11  Now also many nations have gathered against you,  Who say, “Let her be defiled,     And let our eye look upon Zion.”

Though in the Millennium the nations will come to worship at Jerusalem, now, in Micah’s day, the nations will come to mock the city and her God.

12  But they do not know the thoughts of the Lord,   Nor do they understand His counsel;    For He will gather them like sheaves to the threshing floor.

13  “Arise and thresh, O daughter of Zion;  For I will make your horn iron,  And I will make your hooves bronze;     You shall beat in pieces many peoples;     I will consecrate their gain to the Lord,    And their substance to the Lord of the whole earth.”

The nations may defeat Jerusalem and Judah today, but in the end, God will gather the nations to Jerusalem and treat them as a farmer does a sheaf of wheat stalks that have been harvested.

He will beat them and shake loose their grain.

This is a picture of the future judgment of the nations.


1   Now gather yourself in troops,  O daughter of troops;   He has laid siege against us;     They will strike the judge of Israel with a rod on the cheek.

2   “But you, Bethlehem Ephrathah,   Though you are little among the thousands of Judah,   Yet out of you shall come forth to Me  The One to be Ruler in Israel,    Whose goings forth are from of old, From everlasting.”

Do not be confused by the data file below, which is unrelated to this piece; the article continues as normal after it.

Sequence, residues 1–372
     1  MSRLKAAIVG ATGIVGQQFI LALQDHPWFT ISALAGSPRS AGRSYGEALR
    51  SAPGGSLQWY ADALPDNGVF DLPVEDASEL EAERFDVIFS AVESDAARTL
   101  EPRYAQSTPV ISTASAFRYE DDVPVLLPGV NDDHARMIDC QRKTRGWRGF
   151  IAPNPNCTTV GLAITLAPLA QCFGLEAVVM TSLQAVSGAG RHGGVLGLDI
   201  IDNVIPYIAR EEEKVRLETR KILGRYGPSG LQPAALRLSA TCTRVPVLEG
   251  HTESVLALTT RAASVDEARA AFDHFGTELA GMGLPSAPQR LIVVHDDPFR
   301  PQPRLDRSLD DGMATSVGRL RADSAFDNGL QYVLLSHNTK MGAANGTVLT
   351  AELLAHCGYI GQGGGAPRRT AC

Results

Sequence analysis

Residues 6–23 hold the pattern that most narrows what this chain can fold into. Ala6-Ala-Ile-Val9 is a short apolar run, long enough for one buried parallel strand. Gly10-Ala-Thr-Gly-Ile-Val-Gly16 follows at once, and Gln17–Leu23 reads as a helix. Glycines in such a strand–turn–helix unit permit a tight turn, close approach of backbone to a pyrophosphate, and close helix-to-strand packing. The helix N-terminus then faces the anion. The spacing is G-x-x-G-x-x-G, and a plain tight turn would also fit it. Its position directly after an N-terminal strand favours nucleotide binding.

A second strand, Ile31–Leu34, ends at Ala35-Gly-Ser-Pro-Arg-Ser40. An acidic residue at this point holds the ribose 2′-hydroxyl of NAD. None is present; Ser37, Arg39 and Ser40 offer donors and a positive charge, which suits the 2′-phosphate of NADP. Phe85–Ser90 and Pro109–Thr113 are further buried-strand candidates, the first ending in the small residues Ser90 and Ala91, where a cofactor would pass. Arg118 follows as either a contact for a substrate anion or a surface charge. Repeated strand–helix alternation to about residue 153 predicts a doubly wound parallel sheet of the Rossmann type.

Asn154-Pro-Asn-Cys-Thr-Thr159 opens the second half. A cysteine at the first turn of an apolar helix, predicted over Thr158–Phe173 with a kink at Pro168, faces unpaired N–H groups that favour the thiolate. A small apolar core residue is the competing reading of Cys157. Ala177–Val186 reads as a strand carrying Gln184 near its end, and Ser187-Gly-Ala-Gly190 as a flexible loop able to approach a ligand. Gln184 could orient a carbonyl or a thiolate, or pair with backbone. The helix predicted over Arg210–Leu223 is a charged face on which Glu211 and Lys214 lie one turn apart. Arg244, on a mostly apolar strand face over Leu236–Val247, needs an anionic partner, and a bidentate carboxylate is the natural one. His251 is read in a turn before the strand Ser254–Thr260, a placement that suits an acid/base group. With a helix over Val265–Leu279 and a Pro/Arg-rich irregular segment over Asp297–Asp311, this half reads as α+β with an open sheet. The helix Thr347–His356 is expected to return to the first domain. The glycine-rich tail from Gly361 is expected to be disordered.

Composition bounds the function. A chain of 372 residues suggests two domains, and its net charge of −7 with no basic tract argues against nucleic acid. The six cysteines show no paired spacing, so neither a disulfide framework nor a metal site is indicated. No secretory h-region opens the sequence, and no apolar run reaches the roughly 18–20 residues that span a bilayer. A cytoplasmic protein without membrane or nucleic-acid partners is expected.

Here is the prophecy that the Messiah would be born in Bethlehem.

There were 2 Bethlehems in Israel – one in the south and one on the north.

Ephratah identified the southern one.

You’ll remember that when the wise men went to Herod in Jerusalem to seek out the exact location of the Messiah’s birth, the scribes were able to pinpoint it as the little village of Bethlehem.

They based their counsel on this passage.

3   Therefore He shall give them up,   Until the time that she who is in labor has given birth;   Then the remnant of His brethren    Shall return to the children of Israel.

The “she” here is the nation of Israel – this verse pictures Israel’s national rebirth after a time of judgment and exile.

4   And He shall stand and feed His flock   In the strength of the Lord,  In the majesty of the name of the Lord His God; And they shall abide, For now He shall be great     To the ends of the earth;

5   And this One shall be peace. When the Assyrian comes into our land,   And when he treads in our palaces,    Then we will raise against him  Seven shepherds and eight princely men.

6   They shall waste with the sword the land of Assyria, And the land of Nimrod at its entrances; Thus He shall deliver us from the Assyrian,    When he comes into our land    And when he treads within our borders.

This again looks to the future kingdom when Christ comes to rule on earth.

Israel will no longer be at the whim of stronger nations, represented here by the Assyrian threat of Micah’s day.

God will raise up a might force fo defenders who make sure Israel’s border remain secure.

7   Then the remnant of Jacob Shall be in the midst of many peoples, Like dew from the Lord, Like showers on the grass, That tarry for no man     Nor wait for the sons of men.

8   And the remnant of Jacob Shall be among the Gentiles,     In the midst of many peoples,    Like a lion among the beasts of the forest, Like a young lion among flocks of sheep, Who, if he passes through,     Both treads down and tears in pieces,  And none can deliver.

9   Your hand shall be lifted against your adversaries,   And all your enemies shall be cut off.